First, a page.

income in the Baird Account of $156, 947.91 to be placed in
trust for the child. Additionally, the trial court awarded
Plaintiff $25, 000 in attorneys' fees.
June 2017, Defendant filed a Motion to "Reconsider and
Revise" the June Order, seeking relief under Rules 52,
59, and 60 of the North Carolina Rules of Civil Procedure.
Defendant's Motion requested: (1) the trial court correct
an error stemming from Defendant's financial affidavit
resulting in his Social Security income being counted twice
in his current monthly income; (2) the trial court reconsider
his ongoing child support obligation in light of the fact the
lump sum payment of support and attorneys' fees from the
Baird Account would have a corresponding impact on his
monthly income; and (3) modification of the requirement the
funds be placed in a trust account.
Motion was heard on 17 July 2017 and the trial court rendered
its ruling allowing Defendant's Motion in part and
setting the case for rehearing on 27 July 2017. On 27 July
2017, the trial court entered its Order on Defendant's
Motion to Reconsider and Revise the June Order (July Order).
In the July Order, the trial court granted Defendant's
Motion in part: granting a new trial on the "double
counting" of Defendant's Social Security benefits;
re-addressing the lump sum distribution to a trust account;
and consideration of an additional award of attorneys'
fees. The trial court denied Defendant's request to
reconsider his child support obligation in light of the
reduction in principal in the Baird Account. The same day,
Defendant filed a motion requesting the trial court deviate
from the Guidelines. The trial court denied this motion. The
trial court held its new hearing, and on 20 November 2017
entered a written Order (November Order).
November Order, the trial court revised its finding of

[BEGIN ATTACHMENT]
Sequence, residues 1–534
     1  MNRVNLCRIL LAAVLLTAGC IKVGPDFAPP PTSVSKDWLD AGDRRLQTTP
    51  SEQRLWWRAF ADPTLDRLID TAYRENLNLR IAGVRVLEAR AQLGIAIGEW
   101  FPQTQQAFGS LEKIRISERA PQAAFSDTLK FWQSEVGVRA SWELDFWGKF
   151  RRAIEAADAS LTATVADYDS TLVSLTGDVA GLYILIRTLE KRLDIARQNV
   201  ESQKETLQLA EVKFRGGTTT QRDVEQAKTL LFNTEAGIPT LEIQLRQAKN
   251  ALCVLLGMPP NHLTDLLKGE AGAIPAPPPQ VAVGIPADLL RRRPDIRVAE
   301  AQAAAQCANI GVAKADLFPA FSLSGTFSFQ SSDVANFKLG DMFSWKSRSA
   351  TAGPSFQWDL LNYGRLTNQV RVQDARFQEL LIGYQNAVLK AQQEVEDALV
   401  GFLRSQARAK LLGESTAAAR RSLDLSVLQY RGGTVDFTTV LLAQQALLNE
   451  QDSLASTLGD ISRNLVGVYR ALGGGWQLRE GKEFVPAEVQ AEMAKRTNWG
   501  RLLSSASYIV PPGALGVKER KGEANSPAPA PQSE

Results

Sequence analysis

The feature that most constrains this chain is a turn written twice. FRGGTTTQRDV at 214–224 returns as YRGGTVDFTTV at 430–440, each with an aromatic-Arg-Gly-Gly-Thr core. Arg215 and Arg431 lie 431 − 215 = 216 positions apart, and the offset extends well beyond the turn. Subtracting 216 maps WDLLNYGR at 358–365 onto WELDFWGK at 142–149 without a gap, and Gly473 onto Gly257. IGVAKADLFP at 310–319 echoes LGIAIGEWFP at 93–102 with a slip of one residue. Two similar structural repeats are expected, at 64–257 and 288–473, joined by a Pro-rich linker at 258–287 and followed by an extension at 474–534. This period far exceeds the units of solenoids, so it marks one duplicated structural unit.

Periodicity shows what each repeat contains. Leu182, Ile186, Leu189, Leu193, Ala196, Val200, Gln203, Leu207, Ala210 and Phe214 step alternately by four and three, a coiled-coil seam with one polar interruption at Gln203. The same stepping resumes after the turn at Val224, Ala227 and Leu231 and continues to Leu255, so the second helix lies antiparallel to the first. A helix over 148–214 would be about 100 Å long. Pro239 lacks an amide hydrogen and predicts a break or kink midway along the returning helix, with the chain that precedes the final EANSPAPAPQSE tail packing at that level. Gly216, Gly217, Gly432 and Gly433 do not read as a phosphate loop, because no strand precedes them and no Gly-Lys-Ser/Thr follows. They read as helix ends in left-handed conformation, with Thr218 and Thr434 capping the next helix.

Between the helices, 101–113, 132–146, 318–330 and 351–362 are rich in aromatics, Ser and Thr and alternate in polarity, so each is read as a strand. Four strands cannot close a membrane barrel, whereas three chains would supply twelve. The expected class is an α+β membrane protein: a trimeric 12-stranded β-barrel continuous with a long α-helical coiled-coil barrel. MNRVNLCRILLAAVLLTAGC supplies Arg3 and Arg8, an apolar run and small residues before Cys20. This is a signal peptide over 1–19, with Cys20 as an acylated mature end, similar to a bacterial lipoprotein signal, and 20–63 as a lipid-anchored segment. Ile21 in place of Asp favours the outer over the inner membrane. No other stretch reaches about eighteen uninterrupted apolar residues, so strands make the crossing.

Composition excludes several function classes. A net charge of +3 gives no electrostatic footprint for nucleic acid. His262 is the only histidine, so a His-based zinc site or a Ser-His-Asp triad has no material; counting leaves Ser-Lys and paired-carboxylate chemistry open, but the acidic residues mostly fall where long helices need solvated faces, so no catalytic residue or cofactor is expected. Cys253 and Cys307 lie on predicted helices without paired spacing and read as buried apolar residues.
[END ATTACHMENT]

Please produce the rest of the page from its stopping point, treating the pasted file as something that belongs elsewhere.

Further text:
Defendant's monthly income to $4, 455. Under the
Guidelines and applying a credit for Social Security
payments, the trial court ordered Defendant to pay
prospective child support in the amount of $553.35 per month.
The trial court also recalculated Defendant's arrearages
from September 2011 through entry of its Order. Rather than
calculate Defendant's arrearages based on his current
income, the trial court used Defendant's income for each
individual year from 2011 through November 2017.
trial court's November Order modified the lump sum award
of support from the Baird Account, requiring it be placed in
an account bearing both the names of Plaintiff and the child,
with Plaintiff being named custodian of the account. Further,
the trial court awarded Plaintiff additional attorneys'
fees of $16, 240.
November Order serves as a final judgment in this case
resolving all pending issues. In his timely Notice of Appeal,
Defendant expressly preserves his appeal from the June, July,
and November Orders. Consequently, Defendant's appeal is
properly before this Court. N.C. Gen. Stat. §
presents the following issues for review: (I) Whether the
trial court erred in concluding there was a substantial
change in circumstances justifying a modification of child
support; (II) Whether the trial court erred in making its
lump sum award of child support without deviating from the
Guidelines; (III) Whether the trial court erred in ordering
the lump sum amount to be held in a custodial account for the
child; (IV) Whether the trial court erred in calculating
Defendant's arrearages based on his historical income in
each individual year; and (V) Whether the trial court abused
its discretion in awarding Plaintiff attorneys' fees.
support orders entered by a trial court are accorded
substantial deference by appellate courts and our review is
limited to a determination of whether there was a clear abuse
of discretion." Leary v. Leary, 152 N.C.App.
438, 441, 567 S.E.2d 834, 837 (2002). "In a case for
child support, the trial court must make specific findings
and conclusions. The purpose of this requirement is to allow
a reviewing court to determine from the record whether a
judgment, and the legal conclusions which ...